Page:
In fact, the globalization of the food supply is nothing new -isn’t that because of population growth and moving into large cities where people do not own land?-, and the more of it there is the better off we have become. Modern mass-produced, globally distributed food (not junk food, real food – you mean the food that sits on the trucks for days? Chemicals for shelf life? – is cheaper, more nutritious, safer – GMO’s ?-, higher-quality, more reliably available and far less wasteful-don’t groceries stores have a code that food has to meet so many “imperfect” foods are thrown away?- than the local kind. Modern food systems have done wonders for our standard of living– are they not so safe that people are beginning to become sick with things that we shouldn’t be? –   and have liberated humankind from the chains of rural serfdom – chain? the convenience of food within 100 miles of your home?-. They have increased, not decreased, food security and made famines (except for those that are politically induced ) all but extinct. As for food miles, numerous analyses – where is your example?- have shown that claims made for the alleged benefits to the atmosphere of eating food grown close to home are largely bunk.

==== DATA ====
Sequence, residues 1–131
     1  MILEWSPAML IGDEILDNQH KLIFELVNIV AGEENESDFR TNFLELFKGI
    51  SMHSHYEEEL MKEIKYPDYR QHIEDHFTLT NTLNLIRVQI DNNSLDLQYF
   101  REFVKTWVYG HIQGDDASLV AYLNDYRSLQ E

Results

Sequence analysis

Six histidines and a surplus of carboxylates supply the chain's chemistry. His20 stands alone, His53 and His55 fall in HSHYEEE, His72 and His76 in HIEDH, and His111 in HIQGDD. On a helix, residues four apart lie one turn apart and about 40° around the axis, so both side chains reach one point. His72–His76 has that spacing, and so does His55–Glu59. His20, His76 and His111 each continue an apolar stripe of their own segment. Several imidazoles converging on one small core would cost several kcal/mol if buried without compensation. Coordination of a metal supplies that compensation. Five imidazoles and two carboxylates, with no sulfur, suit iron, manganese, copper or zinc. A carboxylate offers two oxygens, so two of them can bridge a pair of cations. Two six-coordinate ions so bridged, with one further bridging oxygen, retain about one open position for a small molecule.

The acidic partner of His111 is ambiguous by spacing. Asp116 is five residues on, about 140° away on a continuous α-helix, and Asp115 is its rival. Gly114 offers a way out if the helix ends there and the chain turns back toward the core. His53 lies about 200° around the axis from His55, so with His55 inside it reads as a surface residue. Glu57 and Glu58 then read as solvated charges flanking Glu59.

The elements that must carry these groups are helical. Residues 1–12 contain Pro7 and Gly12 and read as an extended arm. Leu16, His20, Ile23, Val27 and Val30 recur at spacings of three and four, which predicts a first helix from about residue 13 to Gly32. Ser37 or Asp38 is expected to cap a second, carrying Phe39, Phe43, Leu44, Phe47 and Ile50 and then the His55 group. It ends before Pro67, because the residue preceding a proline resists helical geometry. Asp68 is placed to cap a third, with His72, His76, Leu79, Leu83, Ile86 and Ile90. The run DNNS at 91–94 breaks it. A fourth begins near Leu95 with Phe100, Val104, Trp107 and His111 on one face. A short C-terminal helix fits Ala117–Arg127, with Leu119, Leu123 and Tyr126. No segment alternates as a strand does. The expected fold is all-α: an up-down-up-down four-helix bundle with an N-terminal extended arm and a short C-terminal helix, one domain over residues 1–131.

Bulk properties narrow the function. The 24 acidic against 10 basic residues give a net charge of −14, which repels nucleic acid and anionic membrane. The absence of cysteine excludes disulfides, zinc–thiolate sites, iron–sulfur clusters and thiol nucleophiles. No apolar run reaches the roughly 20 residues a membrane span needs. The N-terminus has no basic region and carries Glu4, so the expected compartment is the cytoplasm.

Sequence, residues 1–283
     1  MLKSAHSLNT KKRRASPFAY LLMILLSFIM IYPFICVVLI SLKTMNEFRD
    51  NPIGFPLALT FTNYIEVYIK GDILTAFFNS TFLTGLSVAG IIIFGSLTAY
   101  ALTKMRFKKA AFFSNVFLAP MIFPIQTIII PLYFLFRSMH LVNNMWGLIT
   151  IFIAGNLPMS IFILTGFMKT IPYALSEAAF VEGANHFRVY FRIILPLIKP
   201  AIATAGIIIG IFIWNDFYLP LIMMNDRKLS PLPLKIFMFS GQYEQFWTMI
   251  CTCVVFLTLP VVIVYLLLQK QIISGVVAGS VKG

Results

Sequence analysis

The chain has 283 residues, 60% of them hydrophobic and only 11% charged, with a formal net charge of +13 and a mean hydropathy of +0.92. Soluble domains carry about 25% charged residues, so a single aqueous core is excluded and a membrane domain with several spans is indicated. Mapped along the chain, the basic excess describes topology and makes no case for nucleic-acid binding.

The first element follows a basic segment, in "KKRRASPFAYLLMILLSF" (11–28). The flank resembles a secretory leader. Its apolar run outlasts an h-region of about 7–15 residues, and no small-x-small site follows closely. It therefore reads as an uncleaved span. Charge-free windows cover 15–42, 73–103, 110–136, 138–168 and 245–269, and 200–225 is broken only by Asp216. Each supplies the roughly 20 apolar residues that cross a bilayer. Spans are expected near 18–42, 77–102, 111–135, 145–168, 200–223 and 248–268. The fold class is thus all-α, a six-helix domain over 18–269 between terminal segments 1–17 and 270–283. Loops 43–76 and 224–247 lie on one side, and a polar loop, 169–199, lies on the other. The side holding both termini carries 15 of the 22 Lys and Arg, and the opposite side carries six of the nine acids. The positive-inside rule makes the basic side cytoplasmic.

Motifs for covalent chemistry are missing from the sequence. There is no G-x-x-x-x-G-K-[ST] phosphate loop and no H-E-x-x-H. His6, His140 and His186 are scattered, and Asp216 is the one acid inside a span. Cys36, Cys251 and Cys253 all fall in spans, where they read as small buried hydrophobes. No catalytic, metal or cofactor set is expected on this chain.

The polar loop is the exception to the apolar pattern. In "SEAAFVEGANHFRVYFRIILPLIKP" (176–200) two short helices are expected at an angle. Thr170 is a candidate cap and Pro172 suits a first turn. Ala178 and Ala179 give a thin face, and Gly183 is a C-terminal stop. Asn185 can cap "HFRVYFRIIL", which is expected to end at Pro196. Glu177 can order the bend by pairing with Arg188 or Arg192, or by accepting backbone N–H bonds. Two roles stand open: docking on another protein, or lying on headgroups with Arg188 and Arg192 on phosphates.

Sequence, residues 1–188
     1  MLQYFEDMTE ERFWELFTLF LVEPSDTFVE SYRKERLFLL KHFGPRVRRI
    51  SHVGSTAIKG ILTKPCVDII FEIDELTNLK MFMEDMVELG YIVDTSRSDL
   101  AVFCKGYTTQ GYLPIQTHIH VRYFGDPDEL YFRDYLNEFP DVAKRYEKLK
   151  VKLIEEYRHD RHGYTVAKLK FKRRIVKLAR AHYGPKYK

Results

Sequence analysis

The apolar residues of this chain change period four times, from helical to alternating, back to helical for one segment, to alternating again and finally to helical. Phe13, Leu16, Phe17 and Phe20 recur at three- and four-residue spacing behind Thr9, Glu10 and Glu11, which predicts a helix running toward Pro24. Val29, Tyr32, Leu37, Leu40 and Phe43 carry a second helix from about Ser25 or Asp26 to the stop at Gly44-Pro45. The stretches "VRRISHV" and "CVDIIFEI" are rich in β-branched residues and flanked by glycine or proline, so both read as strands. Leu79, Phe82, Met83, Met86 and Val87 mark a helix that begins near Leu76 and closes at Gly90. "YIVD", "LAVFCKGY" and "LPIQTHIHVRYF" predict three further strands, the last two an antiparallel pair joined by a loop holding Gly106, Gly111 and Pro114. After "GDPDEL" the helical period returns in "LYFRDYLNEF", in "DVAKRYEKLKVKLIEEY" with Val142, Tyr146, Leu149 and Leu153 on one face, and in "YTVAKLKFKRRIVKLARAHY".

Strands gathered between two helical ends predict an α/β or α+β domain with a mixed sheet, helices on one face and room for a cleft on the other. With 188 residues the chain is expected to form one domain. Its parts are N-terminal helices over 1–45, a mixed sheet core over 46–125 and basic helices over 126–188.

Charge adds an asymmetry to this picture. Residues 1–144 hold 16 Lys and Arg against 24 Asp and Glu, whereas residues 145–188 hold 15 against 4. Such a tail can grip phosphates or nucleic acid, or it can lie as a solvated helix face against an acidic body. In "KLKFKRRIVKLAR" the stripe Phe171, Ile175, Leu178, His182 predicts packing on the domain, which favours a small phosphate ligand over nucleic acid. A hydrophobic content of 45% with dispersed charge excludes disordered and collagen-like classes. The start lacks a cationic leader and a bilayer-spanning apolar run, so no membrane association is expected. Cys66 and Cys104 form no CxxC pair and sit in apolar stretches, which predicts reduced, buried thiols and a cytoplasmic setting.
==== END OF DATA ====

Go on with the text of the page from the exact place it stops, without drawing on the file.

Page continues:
On top of that, the core beliefs of locavores – that organic is best, chemicals are bad, and genetically modified crops are evil – are responsible for keeping large parts of Africa mired in poverty and food deprivation. Why?

Does all this mean that I’ll stop patronizing the farmers’ market and the Hundred-Dollar (I mean Mile) Store? – Wouldn’t  it be better to spend money on good food than anything else? – Absolutely not. I love those places. I love the sense of community and chatting with the neighbours. It’s much more fun than shopping at the superstore, and when the produce is in season there’s nothing that tastes better – didn’t you just mention that it doesn’t? I am confused?. In spite of all the rot and blight and inefficiencies and waste – use comma’s not ‘and’ in between every word- nothing beats the taste of a homegrown tomato – either mine or anybody else’s.